Monday, May 01, 2006

A Dream of Lady Liberty

At the cutting edge of the debate impelling millions of immigrants in the United States to wrestle with staying home or going to work today, often a choice between a full stomach or dignity, is the question of what kind of society we want -- indeed what kind of world in the future. Yet it is also an argument about the past and who we are now.

This is why this is so emotional. At the core of the immigration debate lie images awash in our emotional freight about who we citizens of wealthy countries are as societies and our place in the world. This is not just a U.S. argument: in France they resent Arabic immigrants, in Germany it's the Turks, and even Italy, a net population loser for more than a century until the 1990s, now frets about Lybians and Albanians.

We nurture fond fantasies of who we are, the heirs of Napoleon and Goethe and Jefferson (but we don't claim Paisley, Stalin or Attila). Yet the G-8 countries have in common a history of expansionism, violence, enslavement of and disdain for people of other cultures. All immigration laws are everywhere, at heart, racist and xenophobic.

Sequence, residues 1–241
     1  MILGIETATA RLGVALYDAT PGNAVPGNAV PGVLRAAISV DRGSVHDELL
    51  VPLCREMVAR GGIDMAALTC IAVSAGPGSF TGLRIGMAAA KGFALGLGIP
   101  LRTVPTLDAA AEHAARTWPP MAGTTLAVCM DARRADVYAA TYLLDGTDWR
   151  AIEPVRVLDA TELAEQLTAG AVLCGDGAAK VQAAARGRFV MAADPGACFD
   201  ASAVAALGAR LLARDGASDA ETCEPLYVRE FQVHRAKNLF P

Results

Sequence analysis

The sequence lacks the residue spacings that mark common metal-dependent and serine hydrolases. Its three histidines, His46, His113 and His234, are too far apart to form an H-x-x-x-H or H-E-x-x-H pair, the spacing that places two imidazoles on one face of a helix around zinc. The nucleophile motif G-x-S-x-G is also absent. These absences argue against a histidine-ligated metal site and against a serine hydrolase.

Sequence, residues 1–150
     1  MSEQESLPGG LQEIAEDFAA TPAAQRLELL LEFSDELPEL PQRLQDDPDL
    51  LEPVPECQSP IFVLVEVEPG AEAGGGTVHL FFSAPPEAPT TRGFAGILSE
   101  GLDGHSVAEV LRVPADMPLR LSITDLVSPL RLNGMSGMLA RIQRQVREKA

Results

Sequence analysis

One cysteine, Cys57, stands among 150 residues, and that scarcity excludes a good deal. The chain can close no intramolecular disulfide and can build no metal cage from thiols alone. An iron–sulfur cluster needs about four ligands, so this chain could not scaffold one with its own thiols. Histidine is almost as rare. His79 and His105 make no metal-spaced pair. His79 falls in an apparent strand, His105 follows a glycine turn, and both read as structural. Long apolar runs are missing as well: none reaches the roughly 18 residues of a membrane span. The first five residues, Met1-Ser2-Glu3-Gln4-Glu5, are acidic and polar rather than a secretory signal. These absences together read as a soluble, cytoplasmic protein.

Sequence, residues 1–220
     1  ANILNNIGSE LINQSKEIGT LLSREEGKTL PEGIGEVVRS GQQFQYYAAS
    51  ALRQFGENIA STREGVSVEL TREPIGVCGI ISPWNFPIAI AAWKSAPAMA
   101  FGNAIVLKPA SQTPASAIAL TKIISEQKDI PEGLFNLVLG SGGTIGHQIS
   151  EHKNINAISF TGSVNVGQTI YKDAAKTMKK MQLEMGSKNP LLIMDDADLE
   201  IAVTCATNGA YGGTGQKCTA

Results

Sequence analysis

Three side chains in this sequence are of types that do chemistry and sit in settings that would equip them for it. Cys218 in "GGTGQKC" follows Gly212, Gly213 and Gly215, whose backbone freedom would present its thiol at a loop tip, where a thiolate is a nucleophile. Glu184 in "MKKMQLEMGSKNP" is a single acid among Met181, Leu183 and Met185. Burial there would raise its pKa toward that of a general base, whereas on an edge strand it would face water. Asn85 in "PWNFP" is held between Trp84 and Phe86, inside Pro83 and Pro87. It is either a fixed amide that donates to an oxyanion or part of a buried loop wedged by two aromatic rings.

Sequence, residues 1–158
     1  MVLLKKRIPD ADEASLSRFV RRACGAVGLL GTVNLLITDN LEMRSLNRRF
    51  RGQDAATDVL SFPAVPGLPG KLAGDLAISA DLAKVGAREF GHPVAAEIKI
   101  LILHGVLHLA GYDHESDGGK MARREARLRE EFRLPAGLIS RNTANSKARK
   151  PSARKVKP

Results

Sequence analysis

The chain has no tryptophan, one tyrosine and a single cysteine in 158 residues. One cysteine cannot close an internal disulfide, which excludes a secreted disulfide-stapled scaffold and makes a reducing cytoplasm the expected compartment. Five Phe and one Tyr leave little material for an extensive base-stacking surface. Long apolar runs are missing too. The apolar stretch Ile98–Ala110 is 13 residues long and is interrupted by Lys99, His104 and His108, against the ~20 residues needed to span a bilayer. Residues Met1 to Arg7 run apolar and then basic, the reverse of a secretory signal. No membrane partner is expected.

For example, the first U.S. immigration laws were enacted to keep out the Chinese, later darker nationalities who were not from Northwest Europe. Even U.S. humanitarian policy has always had the stench of selfishness and right-wing ideology. The USA would not admit the Nazi-fleeing Jewish passengers of the German transatlantic liner St. Louis in 1939; in 1980, the USA admitted 900 refugees from Communist Poland but only 1 from El Salvador, where murder and dislocation, at a rate of 300 dead a week, was U.S.-funded.

Not only are the myths misleading about the past, they do not contemplate a future in which the torch of power might pass to to another land, nor one in which the white northwestern European peoples of Europe and North America, no longer reproducing at replacement levels, become an imperiled minority.

Perhaps this is why this is such a hot button issue in Berlin, Germany as it it in Berlin, New York, because it summons our tribal instincts, our fears and preconceptions of ourselves.

It is also why the famous poem by Emma Lazarus, engraved at the foot of the Statue of Liberty, deserves a second read:

The New Colossus

Not like the brazen giant of Greek fame,
With conquering limbs astride from land to land;
Here at our sea-washed, sunset gates shall stand
A mighty woman with a torch, whose flame
Is the imprisoned lightning, and her name